GMT +1 hour
Discover these two beautiful and historic cities
Florence is nestled in the heart of the beautiful Tuscan countryside on the banks of River Arno. A treasure trove of fabulous sights, this vibrant city is loved for its unique blend of art and Renaissance architecture. Stroll along cobbled alleys and bustling piazzas. Just a train-ride away is historic Pisa, home to the iconic Leaning Tower and other attractions including the 12th-century Duomo and Campo dei Miracoli with its stunning Romanesque buildings.
Best time to visit
It is always a good time to visit the historic cities of Italy. Spring and summer are perfect for dining al fresco, relaxing on sandy beaches, strolling leisurely around the many bustling piazzas and beautiful gardens, whilst autumn and winter are ideal for enjoying the quieter season, winter festivals, shopping in exclusive boutiques and snuggling in romantic hotels.
For all of Florence's major sights and attractions head to the city’s charming historic centre which spans both the north and south banks of the Arno River that winds its way from the Apennine Mountain range, through the city and the surrounding Tuscan countryside. The majority of sights sit between the Piazza del Duomo and south of the Arno. On the Arno’s south bank you will find beautiful gardens and spots where you can enjoy fabulous views of the city. The renowned Uffizi Gallery boasts an almost unrivalled collection of Renaissance sculptures and paintings created by great artists such as Leonardo da Vinci, Francesca and Botticelli.
To view Michelangelo’s exquisite masterpiece ‘David’, his four unfinished Prisoners and the St Matthew, head to the Accademia Gallery which is located north of the Cathedral Square, close to the University of Florence. Visit the city’s iconic cathedral, or Duomo, and admire Brunelleschi’s impressive dome which dominates the skyline.
See the intricate frescoes of San Lorenzo and visit the Basilica di Santa Croce, the final resting place of illustrious Italians including Michelangelo and Machiavelli. Cross the famous 14th-Century Ponte Vecchio bridge, which is renowned for its glittering jewellery shops that hang precariously over the edge, to the grand Pitti Palace where you can wander through the elegant 16th-Century Boboli Gardens and admire stunning works of art by renowned artists such as Raphael, Titian and Rubens at the Palatina Gallery.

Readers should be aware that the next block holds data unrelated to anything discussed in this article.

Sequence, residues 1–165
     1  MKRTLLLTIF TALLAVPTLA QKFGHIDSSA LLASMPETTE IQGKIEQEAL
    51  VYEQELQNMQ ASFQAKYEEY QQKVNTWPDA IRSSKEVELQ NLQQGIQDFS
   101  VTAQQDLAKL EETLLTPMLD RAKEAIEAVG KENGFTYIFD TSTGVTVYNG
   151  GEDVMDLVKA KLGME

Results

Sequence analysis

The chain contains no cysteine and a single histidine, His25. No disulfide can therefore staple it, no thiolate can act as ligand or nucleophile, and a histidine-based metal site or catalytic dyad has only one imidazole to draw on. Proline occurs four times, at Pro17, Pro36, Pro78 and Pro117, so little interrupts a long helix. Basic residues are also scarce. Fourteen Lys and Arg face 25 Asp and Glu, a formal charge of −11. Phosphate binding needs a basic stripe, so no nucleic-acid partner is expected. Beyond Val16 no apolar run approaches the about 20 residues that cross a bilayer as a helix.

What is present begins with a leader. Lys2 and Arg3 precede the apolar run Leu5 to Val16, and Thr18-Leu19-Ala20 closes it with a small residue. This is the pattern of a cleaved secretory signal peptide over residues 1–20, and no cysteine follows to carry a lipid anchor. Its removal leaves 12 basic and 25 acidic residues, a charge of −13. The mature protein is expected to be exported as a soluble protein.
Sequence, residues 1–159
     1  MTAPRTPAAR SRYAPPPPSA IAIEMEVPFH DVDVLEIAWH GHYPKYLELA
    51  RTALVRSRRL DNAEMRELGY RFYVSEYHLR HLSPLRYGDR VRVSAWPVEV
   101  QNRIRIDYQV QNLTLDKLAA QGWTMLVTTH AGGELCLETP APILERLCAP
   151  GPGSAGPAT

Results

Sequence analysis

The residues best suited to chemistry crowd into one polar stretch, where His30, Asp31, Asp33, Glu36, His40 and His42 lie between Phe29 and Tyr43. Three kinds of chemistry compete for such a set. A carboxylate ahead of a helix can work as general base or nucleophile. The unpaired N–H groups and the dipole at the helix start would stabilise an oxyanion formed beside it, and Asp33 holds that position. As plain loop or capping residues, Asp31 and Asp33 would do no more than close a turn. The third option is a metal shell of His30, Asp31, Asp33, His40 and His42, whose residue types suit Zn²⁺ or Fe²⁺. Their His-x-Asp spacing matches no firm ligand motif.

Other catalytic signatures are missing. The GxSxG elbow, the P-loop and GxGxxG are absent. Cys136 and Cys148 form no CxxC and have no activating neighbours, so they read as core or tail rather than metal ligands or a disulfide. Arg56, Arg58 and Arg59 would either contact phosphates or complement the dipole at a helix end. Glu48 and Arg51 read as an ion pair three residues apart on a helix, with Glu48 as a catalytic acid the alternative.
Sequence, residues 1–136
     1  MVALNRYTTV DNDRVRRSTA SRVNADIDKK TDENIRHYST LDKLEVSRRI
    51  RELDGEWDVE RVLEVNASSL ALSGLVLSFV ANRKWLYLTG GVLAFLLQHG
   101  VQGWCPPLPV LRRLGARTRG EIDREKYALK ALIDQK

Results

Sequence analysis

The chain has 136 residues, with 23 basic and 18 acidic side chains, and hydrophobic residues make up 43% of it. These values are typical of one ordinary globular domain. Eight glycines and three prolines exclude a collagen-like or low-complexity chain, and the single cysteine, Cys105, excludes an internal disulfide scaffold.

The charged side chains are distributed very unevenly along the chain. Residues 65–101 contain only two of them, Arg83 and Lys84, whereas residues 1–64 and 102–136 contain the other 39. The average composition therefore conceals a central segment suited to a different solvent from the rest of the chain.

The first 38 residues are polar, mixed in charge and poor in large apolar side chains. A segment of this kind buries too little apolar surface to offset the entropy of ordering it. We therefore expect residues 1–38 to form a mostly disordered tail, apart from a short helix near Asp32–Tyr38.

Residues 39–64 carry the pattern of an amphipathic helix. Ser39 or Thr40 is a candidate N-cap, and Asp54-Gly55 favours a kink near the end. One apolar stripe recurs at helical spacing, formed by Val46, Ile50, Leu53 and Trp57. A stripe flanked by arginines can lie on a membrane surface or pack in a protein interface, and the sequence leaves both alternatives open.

Don’t miss the beautiful walk to the Piazza Michelangelo at sunset for sensational panoramic views of the river and Florence’s striking red rooftops as the last of the day’s rays drench the city in an enchanting golden glow. Eati ng Out From fine Tuscan cuisine to great value cafés, there are plenty of options for dining in Florence. Most tourist restaurants are situated around San Lorenzo while some of the finest venues are located close to Santa Croce. Numerous street vendors sell delicious gelato throughout the city – the prefect treat during a busy day of sightseeing.
Pisa is a historical and charming city in rural Tuscany, renowned for the wonderful freestanding bell tower known famously as The Leaning Tower of Pisa. Although the structure wasn’t designed to lean, the Bell Tower, or Campanile, was created as a work of art for those visiting the 14th-Century naval port, and remains Pisa’s most popular attraction. Also set in the Piazza dei Muracoli is the Romanesque Cathedral and Baptistery that, together with the leaning tower, form a grand trio of architecture and sculpture.
International flights operate into and out of Pisa’s Galileo Galilei airport which is located an hour’s drive from Florence. Domestic and European flights operate from Florence’s small Amerigo Vespucci airport, also known as Peretola, which is located just 20 minutes from the city centre and is also within reach of many of Tuscany’s hill towns such as Siena which is an hour’s drive away. Florence’s main railway station Stazione di Santa Maria Novella is located in the city centre in Piazza della Stazione, just 15 minutes’ walk from Piazza della Signoria. It offers direct services to major cities including Rome, Naples, Venice, Bologna and Milan.
Due to its size and many pedestrianised streets, the centre of Florence is compact and easy to get around on foot. The majority of the city’s sights can be found within a 20-minute walk of each other but be sure to wear appropriate footwear as many of the city’s charming roads are cobbled. A small number of buses run an efficient service throughout the city and open-top tour buses travel between the major attractions. Taxis can be found at a number of ranks around the city but they cannot usually be flagged down. Women travelling alone late at night (9pm–2am) are entitled to request a 10% discount.